Both the user I ‘waved ‘ to, and at least one other member of the community, prominently display the saltire on their facebook pages.

    If they have facebook contacts in England, I wonder what they make of that.

  8. Charles L. Gallagher says:

    To all of you, put a sock in it as we need incomers especially from the EU to help Scotland. Think about this for a moment, I’m sure that we were all shocked when the world-renowned bird observatory in Fair Isle went-up in flames. But what most of you will not have heard that half of the Islands fire-fighters who first tackled the blaze were from other EU countries and whose lives are in the balance thanks to May and her disastrous immigration policy as far as it affects settled EU citizens. There is also the case of a young EU lass who is about to qualify as a vet and hoped to remain in the Western Isles and her residency is in doubt due to her starting salary not meeting May’s £30K earnings bar. All this while we in rural Scotland are short of multi-talented vets i.e. not just specialising in small domestic pets.

    So please, please respect all.

  9. Alistair Taylor says:

    Scotland needs to be a welcoming, hopeful, and forward-looking positive place for all, whether Old Scot, New Scot, young or old.
    If it isn’t then the Young Scots will up and leave, as so many others have done before them.
    I think that it’s fair to say that most Scots don’t share the dreams and visions of the Westminster Conservative government. (With a dollop of UKIP and DUP too).
    Young, talented, educated, creative, Scots will leave the country to seek a better future, because they do not see a future for themselves in the UK as it is. I talk to such people frequently, in Canada.
    People like myself (a Scot, living in Canada) would return to contribute to a Scotland that had a future.
    Scotland is indeed at a crossroads.
    Thank you for the thought provoking, and insightful article.

  10. Mary MacCallum Sullivan says:

    Delighted to read such a thoughtful and well-informed article.

    I have been reflecting on the so-called Caledonian Antisyzygy (conflicting personalities or tendencies within the Scottish identity), realising that this way of thinking about ourselves in such a fractured and plural way may help us realise that this reflects a more generally human tendency. This may be a useful term to help explain and understand the deepening polarities that are active in the global public sphere.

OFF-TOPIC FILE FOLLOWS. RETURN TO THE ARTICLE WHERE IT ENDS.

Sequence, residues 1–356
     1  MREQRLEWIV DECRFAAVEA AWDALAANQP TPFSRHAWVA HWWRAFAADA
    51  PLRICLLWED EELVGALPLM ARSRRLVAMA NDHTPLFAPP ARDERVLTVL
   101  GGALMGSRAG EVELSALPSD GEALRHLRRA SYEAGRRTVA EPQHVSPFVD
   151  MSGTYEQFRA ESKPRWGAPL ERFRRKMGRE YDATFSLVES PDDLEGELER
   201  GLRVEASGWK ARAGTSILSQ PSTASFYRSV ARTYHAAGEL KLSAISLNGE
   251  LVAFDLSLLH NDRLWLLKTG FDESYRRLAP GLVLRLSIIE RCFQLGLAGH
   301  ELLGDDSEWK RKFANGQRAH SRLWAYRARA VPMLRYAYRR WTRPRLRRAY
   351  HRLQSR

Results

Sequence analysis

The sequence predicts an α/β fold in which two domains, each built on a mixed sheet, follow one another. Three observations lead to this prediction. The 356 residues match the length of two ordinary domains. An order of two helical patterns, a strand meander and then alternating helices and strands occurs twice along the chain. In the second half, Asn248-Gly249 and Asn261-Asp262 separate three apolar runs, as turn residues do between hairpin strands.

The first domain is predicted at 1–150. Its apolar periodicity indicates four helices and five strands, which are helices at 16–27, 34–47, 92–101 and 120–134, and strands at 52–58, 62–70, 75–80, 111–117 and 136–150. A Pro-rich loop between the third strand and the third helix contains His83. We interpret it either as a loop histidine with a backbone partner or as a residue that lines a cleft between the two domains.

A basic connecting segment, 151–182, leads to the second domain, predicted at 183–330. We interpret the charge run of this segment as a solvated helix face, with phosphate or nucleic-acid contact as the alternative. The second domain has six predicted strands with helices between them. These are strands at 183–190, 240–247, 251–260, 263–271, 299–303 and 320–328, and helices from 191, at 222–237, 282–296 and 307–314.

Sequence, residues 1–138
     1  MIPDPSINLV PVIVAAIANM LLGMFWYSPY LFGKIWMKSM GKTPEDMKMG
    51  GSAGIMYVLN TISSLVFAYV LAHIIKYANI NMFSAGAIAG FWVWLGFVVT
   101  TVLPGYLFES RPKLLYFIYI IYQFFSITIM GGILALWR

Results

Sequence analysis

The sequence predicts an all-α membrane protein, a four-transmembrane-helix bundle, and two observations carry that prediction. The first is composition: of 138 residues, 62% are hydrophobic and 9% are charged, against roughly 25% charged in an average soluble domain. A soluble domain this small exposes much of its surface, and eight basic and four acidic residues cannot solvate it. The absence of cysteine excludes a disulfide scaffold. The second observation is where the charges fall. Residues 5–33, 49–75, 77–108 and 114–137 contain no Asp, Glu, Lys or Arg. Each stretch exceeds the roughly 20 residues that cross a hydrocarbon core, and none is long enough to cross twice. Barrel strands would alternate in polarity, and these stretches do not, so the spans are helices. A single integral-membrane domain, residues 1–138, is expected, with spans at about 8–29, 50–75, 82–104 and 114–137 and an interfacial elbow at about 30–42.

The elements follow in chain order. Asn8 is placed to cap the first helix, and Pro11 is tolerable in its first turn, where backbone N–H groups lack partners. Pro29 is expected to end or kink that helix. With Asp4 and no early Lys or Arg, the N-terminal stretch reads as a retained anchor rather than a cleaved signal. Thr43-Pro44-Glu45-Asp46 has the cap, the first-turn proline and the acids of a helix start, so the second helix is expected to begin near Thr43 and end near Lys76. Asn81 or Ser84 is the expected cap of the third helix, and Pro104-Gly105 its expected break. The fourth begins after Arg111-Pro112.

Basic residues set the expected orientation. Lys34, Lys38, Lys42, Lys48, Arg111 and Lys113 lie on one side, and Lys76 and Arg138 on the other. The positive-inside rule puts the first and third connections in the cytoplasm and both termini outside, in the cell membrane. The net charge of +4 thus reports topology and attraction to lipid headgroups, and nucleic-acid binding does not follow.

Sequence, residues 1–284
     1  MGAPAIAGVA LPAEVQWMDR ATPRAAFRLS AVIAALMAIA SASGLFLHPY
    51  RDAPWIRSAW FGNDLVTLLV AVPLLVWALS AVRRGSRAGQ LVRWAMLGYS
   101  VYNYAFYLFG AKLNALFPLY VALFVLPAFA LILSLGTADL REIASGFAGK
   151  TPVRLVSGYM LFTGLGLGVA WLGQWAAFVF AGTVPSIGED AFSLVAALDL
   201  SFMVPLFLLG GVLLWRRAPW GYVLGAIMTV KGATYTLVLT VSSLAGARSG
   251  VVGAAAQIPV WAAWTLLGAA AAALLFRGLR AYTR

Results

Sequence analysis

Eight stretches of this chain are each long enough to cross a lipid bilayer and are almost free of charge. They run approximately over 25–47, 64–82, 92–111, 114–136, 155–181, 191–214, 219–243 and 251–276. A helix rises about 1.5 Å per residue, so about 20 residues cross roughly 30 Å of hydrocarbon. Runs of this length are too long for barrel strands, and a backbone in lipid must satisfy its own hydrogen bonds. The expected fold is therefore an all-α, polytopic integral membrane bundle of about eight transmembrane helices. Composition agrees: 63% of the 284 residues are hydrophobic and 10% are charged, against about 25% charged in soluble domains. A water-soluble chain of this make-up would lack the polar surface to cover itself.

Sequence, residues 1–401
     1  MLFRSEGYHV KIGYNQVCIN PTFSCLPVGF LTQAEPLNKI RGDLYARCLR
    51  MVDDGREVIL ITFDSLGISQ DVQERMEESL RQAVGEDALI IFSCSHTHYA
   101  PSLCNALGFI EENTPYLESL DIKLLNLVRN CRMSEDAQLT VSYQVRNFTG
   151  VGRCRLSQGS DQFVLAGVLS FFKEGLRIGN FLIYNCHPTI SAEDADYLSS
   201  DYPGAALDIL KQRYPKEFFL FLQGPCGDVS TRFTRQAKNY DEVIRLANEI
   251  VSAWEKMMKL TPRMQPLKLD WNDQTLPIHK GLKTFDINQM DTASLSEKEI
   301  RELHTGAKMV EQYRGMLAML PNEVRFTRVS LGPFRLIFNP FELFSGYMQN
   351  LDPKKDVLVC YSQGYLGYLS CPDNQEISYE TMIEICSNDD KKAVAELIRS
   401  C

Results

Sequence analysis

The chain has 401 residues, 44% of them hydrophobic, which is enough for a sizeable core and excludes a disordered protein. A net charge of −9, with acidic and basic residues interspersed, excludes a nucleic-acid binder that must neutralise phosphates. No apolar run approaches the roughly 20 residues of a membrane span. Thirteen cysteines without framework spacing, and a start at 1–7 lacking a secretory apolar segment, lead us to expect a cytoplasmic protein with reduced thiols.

Scots have historically considered themselves entitled to go elsewhere in the world and do well; those of us ‘old’ Scots who, having left, have returned, are well-placed to reflect on our experience of the hospitality of others. Scotland very particularly needs ‘new’ Scots, new energy and new thinking, to add to some aspects of the ‘old’ culture and tradition, and I believe this is widely recognised, but we must be careful to be whole-hearted and welcoming in our hospitality to the complexity of ‘the new’,

    1. Thanks Mary – we’re delighted to have Mairi now as a regular columnist

  11. MBC says:

    It’s not so much what Scotland has in terms of European connections that makes us different, but rather, what it hasn’t got in terms of a narrow stultifying myth of imperial greatness and a sense of innate superiority that English identity is burdened with. England has many European connections too. Probably far more than Scotland. Last night I watched a programme about the Mary Rose skeletons. Turns out that several of the crew were of Italian, Spanish or North African heritage.

    Probably this was true in many ports in Tudor England where foreign or shipwrecked sailors settled. There is a liberal multi cultural England. People like Jo Maugham, Anthony Barnett, Paul Mason. The problem, for them, as for us, is that they are not in the saddle and never were or ever will be.

  12. Bram E. Gieben says:

    Intercultural dialogue.

    THIS.

    Not conforming to a hobbled and archetypal “Scottishness” but celebrating every Scotland we have been, every Scotland we’ll become.

    Fantastic article.

  13. Jim Bennett says:

    Wonderfully well written article. Thank you to the author and Bella.

  14. I Crichton says:

    My comment has been removed i must have said something wrong ,i thought maybe my thoughts as an eighty seven year old would give younger people a glimpse of how Scotland was from 1931to 1960 since the uk has changed quite dramatically & not always for the better but im now looking at it from life in the north of england & forgot to say i would gladly go back to Scotland given the chance i am amembrr of SNP & read the national every day, & i think a lot of Scots in England would vote for yes given the chance. I wish everyone good luck with indy2 be strong ,TM makes up her own rules-as she goes along i.e only one referendum for Scotland but try,try,try again to get her bad deal through!